Omnibus Update to the Contaminated Sites Regulation: What you need to know

12. June 2019 0

The British Columbia provincial government ushered in a significant update to the Contaminated Sites Regulation (the “CSR”) on November 1, 2017.  Historically, the government adopted a largely ad hoc approach to updating the CSR, which has, in some cases, resulted in outdated standards.  In order to address this issue, the provincial government implemented an “Omnibus” update to the CSR ‑‑ known as the “Stage 10 (Omnibus) amendments to the CSR”.  We outline below five key changes that the new standards brought:

  1. New Schedules/Standards for Soil, Water and Vapour

All of the existing soil, water and vapour standards were updated under the new CSR standards to reflect a contemporary scientific approach.  From a practical perspective, the former eleven schedules were consolidated into four new schedules that are now organized by the environmental media (i.e. soil, water, vapour and sediment).  The purpose of this change was to simplify the format and to allow subsequent amendments to be made more easily.

  1. Expanded Land Use Categories for Soil

The CSR update also introduced new exposure/land use scenarios for soil ‑‑ namely, high‑and low‑density residential land uses.  “High density” residential land use encompasses multiple‑unit dwelling or institutional facilities with three or more storeys, whereas “low density” residential land use, by contrast, encompasses a single residence or a multi‑unit dwelling or institutional facility of less than 3 storeys.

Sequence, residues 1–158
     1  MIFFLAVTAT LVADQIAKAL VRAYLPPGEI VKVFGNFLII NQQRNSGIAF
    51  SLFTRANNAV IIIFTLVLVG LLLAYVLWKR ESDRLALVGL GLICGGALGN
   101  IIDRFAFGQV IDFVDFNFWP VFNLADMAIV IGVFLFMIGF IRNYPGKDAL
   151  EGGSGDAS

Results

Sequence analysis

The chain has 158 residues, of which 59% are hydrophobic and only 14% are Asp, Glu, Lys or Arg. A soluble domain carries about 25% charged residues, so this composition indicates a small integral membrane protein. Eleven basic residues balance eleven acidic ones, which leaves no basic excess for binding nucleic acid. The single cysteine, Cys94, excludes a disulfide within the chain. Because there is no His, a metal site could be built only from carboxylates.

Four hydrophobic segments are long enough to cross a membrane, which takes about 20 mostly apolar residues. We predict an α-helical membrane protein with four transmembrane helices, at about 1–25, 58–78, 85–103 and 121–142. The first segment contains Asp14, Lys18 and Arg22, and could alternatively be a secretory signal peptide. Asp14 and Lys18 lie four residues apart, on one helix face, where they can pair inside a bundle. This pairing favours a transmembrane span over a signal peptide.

1. New Category of Vapour Standards for Parkades

The updated CSR standards have also incorporated a specific set of standards that apply to portions of a building that are being used as a “parkade” (at-grade or below-grade).  Under the new regulations, a parkade will be defined as an “enclosed building, storey of a building or other construction used for the parking of multiple motor vehicles but does not include the parking of motor vehicles associated with a single‑family residence”.  This means that under the updated regime, in a residential high-rise with an underground parkade, the new parkade standards will apply to the parkade area, while residential standards will apply to the remainder of the building.

  1. Fixed Cycle for Updates

Under the Omnibus update, the provincial government adopted a mandatory review of the environmental quality standards in the CSR on a fixed term cycle of every five (5) years.  What this means is that the director now completes a review of the CSR standards every five years with recommendations provided to the Ministry on any changes to be made.  The new fixed term cycle works towards ensuring a regime that is up to date with the relevant science, as well as creating more consistency and predictability for parties impacted by the CSR and the contaminated sites regime, more generally.

  1. Emerging Contaminants

Finally, the amendments included a number of new substances added as “Contaminants of Emerging Concern” to the water and soil standards schedule, though most of the new contaminants relate primarily to soils.


Questions? Comments? Please contact Adam Way at or anyone else from our team listed on the Authors page.

To stay current with new case law and emerging issues, consider subscribing to our Environmental Law Update and we’ll send helpful information straight to your inbox.  Subscribe here.